“There are a lot of really good cafes downtown, but what sets us apart is the relationships that we build with people since we’re so small,” Carroll said. “We also offer free Wi-Fi and would love for more students to come visit.”

Sophomore Regina Fanty, a student at Arizona State University, saw the cafe’s sign while they were still working on it and was intrigued by it, so she made sure to stop by once they opened.

“I love a good coffee shop,” Fanty explained. “It’s very quaint, and I love all the colors and the set up.”

Although there are many things that Fanty says attracted her to the cafe, she is a big fan of the “eclectic collection of books they have lining the walls for customers to read” and the menu made out of scrabble letters.


Two shots of the cafe’s bookcase, featuring a tribute to ASU. Go Sun Devils!

“I would definitely recommend it to other college kids,” she said. “Their coffee was delicious, it was also relatively quiet and easy to focus.”

While she hasn’t attended one of their events yet, she “most certainly” would like to go to one in the future. Fanty also expressed her appreciation for the art on the wall, saying she loves discovering new artists and Songbird is “a great place to do so.”

In order to better connect with people, Songbird is very active on Twitter and Facebook as well. They constantly post information about upcoming events and tons of discounts, like 75 cents off a drink or a dollar off burritos.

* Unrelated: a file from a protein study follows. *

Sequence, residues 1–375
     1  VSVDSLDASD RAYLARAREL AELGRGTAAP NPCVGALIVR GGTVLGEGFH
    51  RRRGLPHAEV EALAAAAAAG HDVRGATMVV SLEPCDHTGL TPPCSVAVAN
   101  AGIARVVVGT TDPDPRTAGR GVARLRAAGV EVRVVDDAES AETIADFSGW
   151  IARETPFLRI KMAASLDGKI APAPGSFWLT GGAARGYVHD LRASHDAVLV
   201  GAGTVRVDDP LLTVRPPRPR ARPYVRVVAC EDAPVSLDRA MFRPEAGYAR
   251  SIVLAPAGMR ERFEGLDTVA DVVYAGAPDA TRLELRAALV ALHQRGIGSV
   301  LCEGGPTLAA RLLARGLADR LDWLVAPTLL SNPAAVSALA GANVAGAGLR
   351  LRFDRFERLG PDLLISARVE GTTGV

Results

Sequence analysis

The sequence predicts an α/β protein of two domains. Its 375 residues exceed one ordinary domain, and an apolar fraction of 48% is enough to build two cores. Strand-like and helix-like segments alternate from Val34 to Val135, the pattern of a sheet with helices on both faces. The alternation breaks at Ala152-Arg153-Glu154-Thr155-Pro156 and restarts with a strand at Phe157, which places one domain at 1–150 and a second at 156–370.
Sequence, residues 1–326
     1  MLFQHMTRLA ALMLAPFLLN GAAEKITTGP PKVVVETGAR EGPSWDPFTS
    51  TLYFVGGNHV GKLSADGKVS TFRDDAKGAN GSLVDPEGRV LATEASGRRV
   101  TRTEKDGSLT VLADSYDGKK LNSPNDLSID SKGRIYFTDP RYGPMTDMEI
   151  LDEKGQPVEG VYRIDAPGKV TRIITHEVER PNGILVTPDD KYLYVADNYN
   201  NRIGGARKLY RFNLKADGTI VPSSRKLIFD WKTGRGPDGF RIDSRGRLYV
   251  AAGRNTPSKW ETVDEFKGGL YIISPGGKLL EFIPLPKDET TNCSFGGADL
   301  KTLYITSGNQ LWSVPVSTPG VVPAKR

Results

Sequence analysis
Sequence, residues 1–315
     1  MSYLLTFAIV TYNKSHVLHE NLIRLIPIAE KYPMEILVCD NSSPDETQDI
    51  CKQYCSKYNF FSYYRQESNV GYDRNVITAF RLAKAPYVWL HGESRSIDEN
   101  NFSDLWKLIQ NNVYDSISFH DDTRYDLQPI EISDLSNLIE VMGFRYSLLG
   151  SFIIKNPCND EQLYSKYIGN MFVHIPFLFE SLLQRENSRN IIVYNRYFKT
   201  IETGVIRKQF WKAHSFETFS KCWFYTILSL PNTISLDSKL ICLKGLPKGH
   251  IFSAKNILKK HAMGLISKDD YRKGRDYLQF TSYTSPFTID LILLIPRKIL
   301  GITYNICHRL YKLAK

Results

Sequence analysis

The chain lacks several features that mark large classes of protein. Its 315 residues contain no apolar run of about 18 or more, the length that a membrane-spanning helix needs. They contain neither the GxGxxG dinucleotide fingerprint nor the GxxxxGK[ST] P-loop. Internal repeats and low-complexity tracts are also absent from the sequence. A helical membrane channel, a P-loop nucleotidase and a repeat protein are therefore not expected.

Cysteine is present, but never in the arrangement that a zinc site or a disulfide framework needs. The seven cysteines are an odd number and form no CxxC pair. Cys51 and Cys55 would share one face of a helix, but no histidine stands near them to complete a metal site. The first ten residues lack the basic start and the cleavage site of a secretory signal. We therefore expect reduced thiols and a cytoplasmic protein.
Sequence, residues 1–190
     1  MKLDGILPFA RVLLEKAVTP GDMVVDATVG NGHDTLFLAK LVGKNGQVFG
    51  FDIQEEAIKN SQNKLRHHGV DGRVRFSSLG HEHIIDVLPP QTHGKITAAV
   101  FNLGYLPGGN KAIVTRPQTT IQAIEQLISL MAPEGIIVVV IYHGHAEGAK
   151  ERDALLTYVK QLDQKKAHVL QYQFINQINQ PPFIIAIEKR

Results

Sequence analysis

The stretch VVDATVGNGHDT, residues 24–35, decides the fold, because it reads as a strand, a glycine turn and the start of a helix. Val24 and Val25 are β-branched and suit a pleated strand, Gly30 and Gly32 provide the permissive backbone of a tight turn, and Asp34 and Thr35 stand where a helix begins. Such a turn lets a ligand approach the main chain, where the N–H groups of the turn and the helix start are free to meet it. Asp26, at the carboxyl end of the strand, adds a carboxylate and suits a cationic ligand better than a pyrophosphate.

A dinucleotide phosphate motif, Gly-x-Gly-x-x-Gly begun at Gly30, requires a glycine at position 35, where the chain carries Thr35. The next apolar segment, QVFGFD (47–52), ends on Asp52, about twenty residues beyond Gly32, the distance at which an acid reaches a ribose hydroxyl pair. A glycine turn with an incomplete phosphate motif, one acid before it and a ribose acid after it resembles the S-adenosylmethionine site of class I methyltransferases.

“I had no idea they posted deals to their Twitter,” Fanty said. “I am going to follow them right this second!”

Songbird offers a quaint environment for studying, conversing, admiring art or just purchasing a great cup of coffee and pastry.


Fair Trade Cafe: integrating coffee and art ‘with a conscience’

Have you ever wondered where your coffee comes from? Do you know if the farmers cultivating your espresso beans are given adequate working conditions and decent wages? At Fair Trade Cafe, they take that sort of thing seriously. Located on Central and Roosevelt, in front of the light rail, Fair Trade opened about five years ago and has remained loyal to its founding values.


Top left: The outside view of Fair Trade Cafe, found on Central and Roosevelt. Top right and bottom: Inside views of the coffee shop.

“The scope of the cafe is found right in its name,” barista Beau Feger-Owsley said. “It’s a company that makes fair trades to ensure that workers get paid well and that all of our coffee is locally roasted so customers know exactly where their product is coming from.”

Fair Trade’s ideology is advertised in their motto as well. The idea behind “Coffee with a Conscience” is displayed on their home page, http://www.azfairtrade.com, and there’s also a wall dedicated to the painting of the slogan right when you walk into the cafe.